Suggesting dates for planting vegetables in western Washington state can only be approximate. Although the short, cool summers and mild, rainy winters blanket the entire area west of the Cascade Mountains, there are variations in climate depending on whether you live along the Pacific Ocean or Puget Sound or whether you live inland or at higher elevations.
Some vegetables take longer to mature than others. To know what vegetables to plant and when, you need to know the weather in your part of western Washington.
The growing season in western Washington ranges from 120 to 180 days. The date of the last spring killing frost ranges from April 15 to June 1. The date of the first fall killing frost varies from Sept. 15 to Nov. 1. The coastal areas have the longest growing season, and elevations above 1,000 feet have the shortest season. Other areas are in between.
To view a climate map of western Washington, go to the Washington State University, Home Gardens reference in the Reference section.
Warm Season and Cool Season Vegetables
Warm season vegetables ordinarily need warm ground for their seeds to germinate. They are susceptible to late spring frosts, and they need sun to prosper. Cool season vegetables can withstand frost and grow well in early spring and in cool weather. In western Washington, gardeners can plant cool season vegetables in the late summer and early fall and extend their harvests into the winter by using cold frames and covering rows of vegetables with plastic.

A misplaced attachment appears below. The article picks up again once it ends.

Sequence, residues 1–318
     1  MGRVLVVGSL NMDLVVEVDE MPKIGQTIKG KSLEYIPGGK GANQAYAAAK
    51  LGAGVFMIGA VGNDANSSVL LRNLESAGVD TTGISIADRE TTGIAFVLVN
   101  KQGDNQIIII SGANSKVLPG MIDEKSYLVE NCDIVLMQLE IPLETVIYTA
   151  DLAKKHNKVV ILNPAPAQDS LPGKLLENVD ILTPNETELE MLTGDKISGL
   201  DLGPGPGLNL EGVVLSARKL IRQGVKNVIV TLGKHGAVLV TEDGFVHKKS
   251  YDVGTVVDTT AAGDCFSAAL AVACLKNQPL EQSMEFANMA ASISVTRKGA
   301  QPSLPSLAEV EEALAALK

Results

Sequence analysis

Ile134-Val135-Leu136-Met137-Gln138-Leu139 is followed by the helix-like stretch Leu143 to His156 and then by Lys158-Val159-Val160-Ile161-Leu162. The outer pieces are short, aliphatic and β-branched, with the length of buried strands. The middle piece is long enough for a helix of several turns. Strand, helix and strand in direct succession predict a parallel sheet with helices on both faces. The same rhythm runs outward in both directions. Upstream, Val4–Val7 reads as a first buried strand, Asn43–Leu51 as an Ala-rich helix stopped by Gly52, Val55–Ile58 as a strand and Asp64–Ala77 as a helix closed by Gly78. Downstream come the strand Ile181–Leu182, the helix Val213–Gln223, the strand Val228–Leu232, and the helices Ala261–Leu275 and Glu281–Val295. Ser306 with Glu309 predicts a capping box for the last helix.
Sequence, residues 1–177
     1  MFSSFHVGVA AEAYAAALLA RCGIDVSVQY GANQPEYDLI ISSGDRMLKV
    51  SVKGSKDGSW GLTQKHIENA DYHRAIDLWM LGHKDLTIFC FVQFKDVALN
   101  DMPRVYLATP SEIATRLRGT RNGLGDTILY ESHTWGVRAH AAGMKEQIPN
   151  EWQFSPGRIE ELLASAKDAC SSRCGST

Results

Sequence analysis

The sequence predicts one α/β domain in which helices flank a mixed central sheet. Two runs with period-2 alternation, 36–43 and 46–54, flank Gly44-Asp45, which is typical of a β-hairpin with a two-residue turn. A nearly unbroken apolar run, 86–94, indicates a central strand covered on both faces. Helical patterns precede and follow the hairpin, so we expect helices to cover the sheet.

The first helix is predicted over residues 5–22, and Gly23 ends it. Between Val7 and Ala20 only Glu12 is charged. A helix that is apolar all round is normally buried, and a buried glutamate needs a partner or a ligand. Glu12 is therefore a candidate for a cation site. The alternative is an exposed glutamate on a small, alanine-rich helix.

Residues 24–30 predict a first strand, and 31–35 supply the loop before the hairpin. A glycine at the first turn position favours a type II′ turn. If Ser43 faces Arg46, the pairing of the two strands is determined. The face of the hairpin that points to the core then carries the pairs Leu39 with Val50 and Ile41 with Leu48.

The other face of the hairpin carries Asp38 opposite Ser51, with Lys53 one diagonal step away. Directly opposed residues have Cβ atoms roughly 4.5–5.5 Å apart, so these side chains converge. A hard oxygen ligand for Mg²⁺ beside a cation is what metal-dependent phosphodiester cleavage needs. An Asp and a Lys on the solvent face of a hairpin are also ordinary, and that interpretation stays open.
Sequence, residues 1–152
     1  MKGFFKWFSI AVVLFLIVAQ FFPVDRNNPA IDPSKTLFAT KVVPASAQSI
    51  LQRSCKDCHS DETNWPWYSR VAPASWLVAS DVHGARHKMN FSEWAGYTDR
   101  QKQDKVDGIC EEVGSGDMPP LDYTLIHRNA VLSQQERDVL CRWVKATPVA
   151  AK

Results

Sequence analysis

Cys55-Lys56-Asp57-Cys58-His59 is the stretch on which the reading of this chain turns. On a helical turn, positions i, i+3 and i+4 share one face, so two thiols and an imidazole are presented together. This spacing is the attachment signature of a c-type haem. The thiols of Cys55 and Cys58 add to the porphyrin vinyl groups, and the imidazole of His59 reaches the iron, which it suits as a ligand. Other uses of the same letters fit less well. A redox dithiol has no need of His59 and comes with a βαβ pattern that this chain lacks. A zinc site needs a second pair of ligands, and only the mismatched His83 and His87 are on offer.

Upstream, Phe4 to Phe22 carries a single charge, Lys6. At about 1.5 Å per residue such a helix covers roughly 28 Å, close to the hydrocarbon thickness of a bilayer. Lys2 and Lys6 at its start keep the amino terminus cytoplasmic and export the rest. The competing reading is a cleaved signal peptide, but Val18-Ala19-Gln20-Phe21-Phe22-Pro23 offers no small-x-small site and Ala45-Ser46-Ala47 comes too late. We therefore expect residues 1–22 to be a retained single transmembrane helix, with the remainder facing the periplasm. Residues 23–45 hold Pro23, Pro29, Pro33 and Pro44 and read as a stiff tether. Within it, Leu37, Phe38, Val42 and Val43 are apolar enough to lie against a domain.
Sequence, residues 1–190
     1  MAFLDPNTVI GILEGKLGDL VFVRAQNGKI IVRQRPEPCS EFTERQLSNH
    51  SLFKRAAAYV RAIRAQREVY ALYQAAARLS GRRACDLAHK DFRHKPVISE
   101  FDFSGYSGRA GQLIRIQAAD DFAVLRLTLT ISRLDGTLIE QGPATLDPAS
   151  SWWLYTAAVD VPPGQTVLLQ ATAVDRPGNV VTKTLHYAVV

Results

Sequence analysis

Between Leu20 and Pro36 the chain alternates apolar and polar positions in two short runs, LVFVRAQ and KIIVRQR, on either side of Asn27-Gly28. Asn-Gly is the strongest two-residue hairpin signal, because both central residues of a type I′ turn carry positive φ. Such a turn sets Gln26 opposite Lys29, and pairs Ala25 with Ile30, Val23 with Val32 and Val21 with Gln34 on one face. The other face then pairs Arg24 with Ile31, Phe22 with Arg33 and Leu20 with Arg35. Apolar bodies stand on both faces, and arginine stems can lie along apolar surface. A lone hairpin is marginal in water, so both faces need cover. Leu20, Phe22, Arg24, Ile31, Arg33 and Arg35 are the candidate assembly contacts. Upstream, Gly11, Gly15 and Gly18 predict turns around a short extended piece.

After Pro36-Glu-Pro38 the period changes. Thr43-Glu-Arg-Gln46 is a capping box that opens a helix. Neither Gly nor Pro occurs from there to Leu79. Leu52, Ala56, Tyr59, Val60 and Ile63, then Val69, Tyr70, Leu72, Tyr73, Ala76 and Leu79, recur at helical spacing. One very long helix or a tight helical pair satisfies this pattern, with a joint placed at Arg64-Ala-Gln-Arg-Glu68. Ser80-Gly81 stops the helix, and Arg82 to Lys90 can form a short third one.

Early Spring Planting
Plant asparagus, lettuce, onions, peas, radishes and rhubarb around March 10 in most areas of western Washington. If you live above 1,000 feet elevation, this date will be one or two weeks later.
Plant beets, broccoli, cabbage, carrots, cauliflower, celery, Swiss chard, kohlrabi, parsnips, potatoes and turnips about two weeks before the average date of the last killing frost. This date will be about April 1 if you live along the coast, May 1 if you live in the interior and May 15 if you live on the western slopes of the Cascade Mountains. Tomato and pepper plants are usually planted as seedlings grown in greenhouses.
Cool Season Planting
Cool season vegetables are also called fall and winter vegetables. They can be planted earlier in the spring and some will continue growing in the fall and into the winter. Although frosts in western Washington sometimes do occur at altitudes below 1,000 feet, frozen soil can usually be prevented by covering the ground with a light mulch.
Plant beets until Aug. 1 and as late as Sept. 1 if you are interested in only beet greens; the tops will grow, but not the beets.
Plant broccoli, Brussels sprouts, cabbage, collards and kale seeds to mid-July and transplant to mid-August. Broccoli will ordinarily produce until Thanksgiving or even Christmas.
Plant carrots by mid-July for a fall or winter harvest.
Plant pole beans by July 1 for a fall crop. Plant bush beans until late July.
Plant Swiss chard by mid-July for a fall crop. Plant in late August for an early spring crop.